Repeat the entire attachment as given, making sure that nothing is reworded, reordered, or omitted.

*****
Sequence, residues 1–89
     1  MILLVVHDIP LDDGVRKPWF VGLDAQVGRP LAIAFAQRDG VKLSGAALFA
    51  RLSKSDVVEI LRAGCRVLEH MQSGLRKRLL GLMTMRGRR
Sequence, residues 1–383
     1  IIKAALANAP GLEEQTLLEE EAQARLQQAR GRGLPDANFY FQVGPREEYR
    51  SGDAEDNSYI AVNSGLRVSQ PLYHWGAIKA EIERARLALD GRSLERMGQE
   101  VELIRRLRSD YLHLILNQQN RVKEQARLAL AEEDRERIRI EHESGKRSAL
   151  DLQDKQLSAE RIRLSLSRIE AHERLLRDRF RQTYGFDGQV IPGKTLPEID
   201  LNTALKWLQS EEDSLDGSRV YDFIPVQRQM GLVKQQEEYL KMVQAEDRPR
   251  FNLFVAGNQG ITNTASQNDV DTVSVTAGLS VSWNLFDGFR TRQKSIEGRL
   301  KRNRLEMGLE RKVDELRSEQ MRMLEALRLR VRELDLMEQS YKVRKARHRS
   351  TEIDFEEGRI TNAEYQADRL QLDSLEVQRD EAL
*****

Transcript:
Sequence, residues 1–89
     1  MILLVVHDIP LDDGVRKPWF VGLDAQVGRP LAIAFAQRDG VKLSGAALFA
    51  RLSKSDVVEI LRAGCRVLEH MQSGLRKRLL GLMTMRGRR
Sequence, residues 1–383
     1  IIKAALANAP GLEEQTLLEE EAQARLQQAR GRGLPDANFY FQVGPREEYR
    51  SGDAEDNSYI AVNSGLRVSQ PLYHWGAIKA EIERARLALD GRSLERMGQE
   101  VELIRRLRSD YLHLILNQQN RVKEQARLAL AEEDRERIRI EHESGKRSAL
   151  DLQDKQLSAE RIRLSLSRIE AHERLLRDRF RQTYGFDGQV IPGKTLPEID
   201  LNTALKWLQS EEDSLDGSRV YDFIPVQRQM GLVKQQEEYL KMVQAEDRPR
   251  FNLFVAGNQG ITNTASQNDV DTVSVTAGLS VSWNLFDGFR TRQKSIEGRL
   301  KRNRLEMGLE RKVDELRSEQ MRMLEALRLR VRELDLMEQS YKVRKARHRS
   351  TEIDFEEGRI TNAEYQADRL QLDSLEVQRD EAL